Tuesday, January 16, 2007

Emerson, Whitman: Leaders for Our Times?

Audio post / podcast

They may be unlikely leaders for our times -- 19th-century American Transcendentalists whose work has been read so often that it may even seem threadbare and tired. But, when viewed as leadership texts, the work of Ralph Waldo Emerson and Walt Whitman seems almost shockingly insightful, vibrantly alive, and anchored in a disturbing conundrum: boundlessness vs respect for boundaries -- what could be more appropriate for our globalized times and consciousness?

The first time I read Emerson's essay, "Circles," I was captivated by the expansiveness of his vision. It was a mental exercise that encouraged one to strive to make connections with other people, and to operate under the assumption that we're all connected in some deep, spiritual way.

Later, I started to think that his sense that conversations are circles that overlap and touch on each other seemed patriarchal in a very negative way. It felt like engulfment. In certain ways, it seemed to reinforce concepts of Manifest Destiny. After all, whose conversations engulfed whom? White males with power, money, and the right to vote.

But -- that said, there is something about the Transcendentalists of the 19th century that resonates with the globalization and fears of engulfment or isolation that we wrestle with today. Of course, our perspectives have changed and when we look at westward expansion and Manifest Destiny, we have to look at the American expansion as a very mixed experience. Certainly some profited, but others paid a very steep price. There was, after all, genocide of indigenous peoples and slavery.

At the same time, the idea of new frontiers and possibilities can be translated to today's times. All we have to do is to look at the announcement of the new iPhone, or new developments in communications technology and the Internet, to feel the same sense of boundlessness, liberation, and possibilities. Today's boundlessness, unity, and transcendentalism tend to express themselves through technology.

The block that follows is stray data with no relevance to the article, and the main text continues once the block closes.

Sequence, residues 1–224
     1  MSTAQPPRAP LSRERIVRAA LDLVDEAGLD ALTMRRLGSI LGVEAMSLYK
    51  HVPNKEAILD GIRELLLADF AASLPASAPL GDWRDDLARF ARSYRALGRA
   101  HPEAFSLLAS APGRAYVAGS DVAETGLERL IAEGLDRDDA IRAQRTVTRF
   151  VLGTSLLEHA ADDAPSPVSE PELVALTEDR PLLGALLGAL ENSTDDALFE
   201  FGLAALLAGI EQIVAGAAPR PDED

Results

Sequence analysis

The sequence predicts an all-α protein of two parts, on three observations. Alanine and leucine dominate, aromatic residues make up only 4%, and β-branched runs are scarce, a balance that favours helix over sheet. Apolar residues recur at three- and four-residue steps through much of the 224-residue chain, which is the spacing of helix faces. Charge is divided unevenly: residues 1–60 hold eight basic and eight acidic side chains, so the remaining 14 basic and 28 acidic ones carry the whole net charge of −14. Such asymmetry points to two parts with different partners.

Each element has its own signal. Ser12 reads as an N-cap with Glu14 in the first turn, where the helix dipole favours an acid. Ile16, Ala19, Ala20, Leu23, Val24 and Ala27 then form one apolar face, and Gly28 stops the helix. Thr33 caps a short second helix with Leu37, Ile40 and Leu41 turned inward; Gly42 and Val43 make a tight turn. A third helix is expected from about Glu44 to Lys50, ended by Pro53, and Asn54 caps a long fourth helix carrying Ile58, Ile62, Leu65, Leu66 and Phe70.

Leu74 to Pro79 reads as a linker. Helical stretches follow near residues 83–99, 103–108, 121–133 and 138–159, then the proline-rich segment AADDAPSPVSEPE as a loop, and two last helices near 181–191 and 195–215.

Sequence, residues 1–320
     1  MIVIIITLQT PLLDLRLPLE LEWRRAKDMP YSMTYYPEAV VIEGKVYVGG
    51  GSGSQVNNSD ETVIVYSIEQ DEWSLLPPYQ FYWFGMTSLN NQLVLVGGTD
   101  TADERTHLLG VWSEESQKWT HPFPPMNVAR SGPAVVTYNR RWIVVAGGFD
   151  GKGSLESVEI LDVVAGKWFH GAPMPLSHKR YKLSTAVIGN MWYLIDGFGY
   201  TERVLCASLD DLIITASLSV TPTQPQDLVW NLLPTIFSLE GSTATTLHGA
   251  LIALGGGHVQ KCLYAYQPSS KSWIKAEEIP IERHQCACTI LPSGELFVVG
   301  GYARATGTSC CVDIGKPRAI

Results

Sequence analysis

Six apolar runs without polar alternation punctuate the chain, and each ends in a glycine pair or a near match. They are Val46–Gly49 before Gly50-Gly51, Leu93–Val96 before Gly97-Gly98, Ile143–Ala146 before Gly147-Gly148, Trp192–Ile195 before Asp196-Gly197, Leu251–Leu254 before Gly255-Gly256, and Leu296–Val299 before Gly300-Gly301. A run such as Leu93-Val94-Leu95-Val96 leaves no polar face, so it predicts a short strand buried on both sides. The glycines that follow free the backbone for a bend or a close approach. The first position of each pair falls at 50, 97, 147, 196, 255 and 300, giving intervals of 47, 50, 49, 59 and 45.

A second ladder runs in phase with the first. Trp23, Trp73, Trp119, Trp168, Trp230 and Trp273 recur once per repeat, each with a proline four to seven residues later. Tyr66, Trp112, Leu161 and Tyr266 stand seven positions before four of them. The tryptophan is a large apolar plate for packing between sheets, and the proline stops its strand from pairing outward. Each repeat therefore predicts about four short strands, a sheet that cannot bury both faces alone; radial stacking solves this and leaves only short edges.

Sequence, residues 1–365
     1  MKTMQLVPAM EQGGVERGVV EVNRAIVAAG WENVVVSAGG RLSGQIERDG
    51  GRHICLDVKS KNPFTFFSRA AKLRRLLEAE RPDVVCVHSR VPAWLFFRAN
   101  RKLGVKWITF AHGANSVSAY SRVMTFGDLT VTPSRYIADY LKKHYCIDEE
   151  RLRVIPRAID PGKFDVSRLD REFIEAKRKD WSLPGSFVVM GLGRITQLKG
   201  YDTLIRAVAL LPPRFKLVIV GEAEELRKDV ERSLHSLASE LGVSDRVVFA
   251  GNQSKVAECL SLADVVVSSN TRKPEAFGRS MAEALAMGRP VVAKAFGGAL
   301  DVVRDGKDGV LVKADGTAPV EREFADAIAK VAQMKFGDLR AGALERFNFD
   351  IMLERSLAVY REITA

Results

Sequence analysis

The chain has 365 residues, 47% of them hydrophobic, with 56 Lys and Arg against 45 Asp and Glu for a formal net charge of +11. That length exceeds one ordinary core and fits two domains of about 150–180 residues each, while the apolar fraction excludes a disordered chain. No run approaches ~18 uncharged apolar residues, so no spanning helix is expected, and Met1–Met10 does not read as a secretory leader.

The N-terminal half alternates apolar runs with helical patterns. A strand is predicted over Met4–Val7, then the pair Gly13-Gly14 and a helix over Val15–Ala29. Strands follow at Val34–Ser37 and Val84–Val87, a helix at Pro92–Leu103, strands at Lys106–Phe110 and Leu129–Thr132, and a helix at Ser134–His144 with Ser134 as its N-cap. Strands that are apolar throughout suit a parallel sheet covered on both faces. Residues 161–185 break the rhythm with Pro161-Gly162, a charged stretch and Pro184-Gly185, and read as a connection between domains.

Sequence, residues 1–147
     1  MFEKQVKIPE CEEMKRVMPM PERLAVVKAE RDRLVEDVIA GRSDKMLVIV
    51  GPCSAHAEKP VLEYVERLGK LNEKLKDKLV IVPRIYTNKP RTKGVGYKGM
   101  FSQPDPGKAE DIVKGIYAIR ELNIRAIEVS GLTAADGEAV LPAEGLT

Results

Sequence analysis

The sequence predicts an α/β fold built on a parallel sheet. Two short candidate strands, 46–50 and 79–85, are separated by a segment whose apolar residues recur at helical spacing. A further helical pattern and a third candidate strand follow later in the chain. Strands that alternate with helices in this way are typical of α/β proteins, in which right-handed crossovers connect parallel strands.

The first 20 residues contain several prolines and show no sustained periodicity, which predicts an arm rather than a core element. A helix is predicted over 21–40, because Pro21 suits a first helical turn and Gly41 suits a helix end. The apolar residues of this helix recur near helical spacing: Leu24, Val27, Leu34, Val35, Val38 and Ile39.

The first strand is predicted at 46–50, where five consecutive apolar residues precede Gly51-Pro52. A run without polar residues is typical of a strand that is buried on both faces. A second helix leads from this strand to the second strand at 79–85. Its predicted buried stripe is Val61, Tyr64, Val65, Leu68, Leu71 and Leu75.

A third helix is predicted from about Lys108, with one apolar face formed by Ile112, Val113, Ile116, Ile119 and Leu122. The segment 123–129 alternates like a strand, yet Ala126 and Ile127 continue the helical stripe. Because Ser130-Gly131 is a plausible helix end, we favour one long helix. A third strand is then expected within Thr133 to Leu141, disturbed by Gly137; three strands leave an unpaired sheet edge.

Granted, the 19th-century Transcendentalists may not seem like technology gurus or change agents for today, but their ideas are well attuned to leadership challenges of today. Below are a few areas:

Change Leadership: Change means forcing yourself out of a comfort zone. It means learning how to adapt. It also means learning how to identify where it is that you want to go, and to maintain an inner calm when the unexpected happens.

"Everything looks permanent until its secret is known." "Circles"

A true leader shows us how to smoothly negotiate our comfort zones. We shouldn’t reject the concept of a comfort zone – after all, we’re talking about a necessary survival zone, too. At the same time, we need to be sheltered and guided as we travel down unfamiliar paths. A leader is a mentor, a guide, a kind-hearted believer in human creativity and adaptability.

What are the secrets we seek? The surface may be smooth, but underneath are deep currents that portend change. Life force is not housed on the surface, but flows in the dark, unknown waters underneath. Leaders and leadership are in those dark-flowing waters.

Focus on Constant Renewal and Growth: The effective leader knows how to nurture. She knows how to inspire growth. But, instead of a series of lightning bolts of inspiration, what Emerson describes is a process, and the individual stays constantly in motion.

"We grizzle every day. I see no need of it." Emerson, "Circles"

What did Emerson mean? How can we slow the march of time? He was writing long before Botox and laser surgery. How do we “grizzle every day”?

I grizzle when I give up. I grizzle when I cynically dismiss someone’s ideas, or refuse to accept a new viewpoint. I “ungrizzle” (or “degrizzle”) when I look at things in a fresh, new way. I embrace change, I welcome frustration, I forgive myself for not being “perfect.” As I forgive myself for my imperfections, I learn to forgive others.

That’s the beauty of it.

Inclusiveness: In Whitman’s universe, we are connected. Our spirits, our souls, our writhings on this mortal coil are never undetected by others. What we do affects others. What others do affects us.